I can understand Robert Woodward's question though. Could the RMNs printers and related tech be superior? The RMNs overall educational system produces a net superior effect across the board. Even Shannon's 'puter screens were inferior. She had to massage them. Haven uses dot matrix printers. LOL

tlb wrote:Both Japanese and mainland Europe got to build anew after WWII; one result was that Japanese assembly lines were much more flexible than the ones set up in the USA (or perhaps Britain). Also quality control had become more important (particularly to the Japanese, whose goods were considered inferior) and were easier to implement in the newer factories.

cthia wrote:True, and good for them, because their goods was junk. Anything made in Asia at the time was destined for the trash bin. Regardless, a significant uptick in quality was a result of the exacting tolerances of robotics. America could have built new factories, but the cost was prohibitive per immediate return of investment, which was nonexistent. Then there was the fear of both, robots taking jobs and the metric system.

I as I understand it, Japanese commercial products through the beginning of the post war period were inferior because the military had kept all the high quality goods for their exclusive use. The "junk" perception motivated the enthusiastic adoption of quality control, while it was ignored in the USA. The country wide adoption of QC occurred about a decade before industrial robots were developed. Certainly industrial robots were also enthusiastically adopted, to the extent that Japan is now both a leading manufacturer and a leading user of them.

My brother in law was a perfectionist mechanic and would take a wrench to any car he bought to tighten all the bolts. His first Japanese car was a Datsun Z and to his surprise none of the bolts were loose.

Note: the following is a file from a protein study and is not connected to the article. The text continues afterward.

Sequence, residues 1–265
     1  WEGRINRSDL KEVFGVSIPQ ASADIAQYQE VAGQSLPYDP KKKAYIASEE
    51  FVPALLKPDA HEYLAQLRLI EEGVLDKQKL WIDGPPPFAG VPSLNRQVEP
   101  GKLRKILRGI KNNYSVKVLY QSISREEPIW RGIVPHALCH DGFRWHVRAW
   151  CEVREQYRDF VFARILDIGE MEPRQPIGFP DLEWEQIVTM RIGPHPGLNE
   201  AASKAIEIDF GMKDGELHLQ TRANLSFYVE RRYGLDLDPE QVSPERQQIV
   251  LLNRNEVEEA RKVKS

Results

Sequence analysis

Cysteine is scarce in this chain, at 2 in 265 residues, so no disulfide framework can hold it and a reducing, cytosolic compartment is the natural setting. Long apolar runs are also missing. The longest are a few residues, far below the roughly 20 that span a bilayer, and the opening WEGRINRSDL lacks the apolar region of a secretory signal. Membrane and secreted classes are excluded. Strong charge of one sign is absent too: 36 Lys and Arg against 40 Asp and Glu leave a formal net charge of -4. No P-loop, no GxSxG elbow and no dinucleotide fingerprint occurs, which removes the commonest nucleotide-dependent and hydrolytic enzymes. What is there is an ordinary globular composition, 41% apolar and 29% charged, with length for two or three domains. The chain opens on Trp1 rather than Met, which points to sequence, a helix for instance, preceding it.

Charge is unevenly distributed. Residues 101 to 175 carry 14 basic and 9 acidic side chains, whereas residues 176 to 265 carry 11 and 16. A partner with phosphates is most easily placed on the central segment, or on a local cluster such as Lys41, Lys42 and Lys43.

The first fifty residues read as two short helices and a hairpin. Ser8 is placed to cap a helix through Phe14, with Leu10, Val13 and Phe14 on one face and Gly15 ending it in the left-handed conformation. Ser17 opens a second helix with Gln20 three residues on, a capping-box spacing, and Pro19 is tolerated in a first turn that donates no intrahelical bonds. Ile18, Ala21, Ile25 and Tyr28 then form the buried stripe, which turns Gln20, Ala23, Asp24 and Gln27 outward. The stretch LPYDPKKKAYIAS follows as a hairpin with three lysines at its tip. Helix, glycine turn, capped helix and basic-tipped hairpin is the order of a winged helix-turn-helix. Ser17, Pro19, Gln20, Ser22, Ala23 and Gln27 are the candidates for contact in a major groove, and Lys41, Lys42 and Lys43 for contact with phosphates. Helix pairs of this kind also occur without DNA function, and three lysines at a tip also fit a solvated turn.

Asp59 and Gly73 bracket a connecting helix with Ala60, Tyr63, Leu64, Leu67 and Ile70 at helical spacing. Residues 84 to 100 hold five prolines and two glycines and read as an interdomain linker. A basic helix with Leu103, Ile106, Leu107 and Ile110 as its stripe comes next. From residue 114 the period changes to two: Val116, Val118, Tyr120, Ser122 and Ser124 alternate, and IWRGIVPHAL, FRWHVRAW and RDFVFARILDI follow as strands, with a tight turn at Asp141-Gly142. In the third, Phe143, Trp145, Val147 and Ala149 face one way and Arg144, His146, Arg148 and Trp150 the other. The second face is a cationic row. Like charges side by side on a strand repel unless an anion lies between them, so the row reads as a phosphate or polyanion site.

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Re: Post League Eridani
Post by runsforcelery   » Thu May 23, 2019 10:30 am

runsforcelery
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Robert_A_Woodward wrote:(original post deleted, because I am interested in only part of Weber's reply)

runsforcelery wrote:
You really don't understand how industrial processes work in the Honorverse. We're talking here about, for example, molecular circuitry, which is identical in essentially every star nation; what matters is how you program the matrix in your individual molycircs. The basic sinews of industry are orbital refineries that produce bulk raw materials which then go to nanotech farms and "foundries" which are actually massive printers.




Is the reason that Haven couldn't duplicate SKM hardware is because its "printers" weren't precise enough?


To which David Weber responded:
runsforcelery wrote:What part of the SKM's hardware are you talking about duplicating? Generally speaking, you're manufacturing components that then are assembled, not just pressing a button and watching completed missiles, for example, emerge from the hopper at the other end of the queue. Well, actually you are but that's because the components are being assembled en route to the other end of the queue, if you see what I mean.


(SNIP)


Robert_A_Woodward wrote:Beowulf was building Apollo components because Haven couldn't. I assume that complete specifications were available in backup storage. I have thought of two reasons:

1) Haven didn't have equipment capable of doing the job.
2) Beowulf had the similar enough gear that they could do the job with minimal programming, while Haven's gear was utterly different and it would had taken many months to recreate the programming.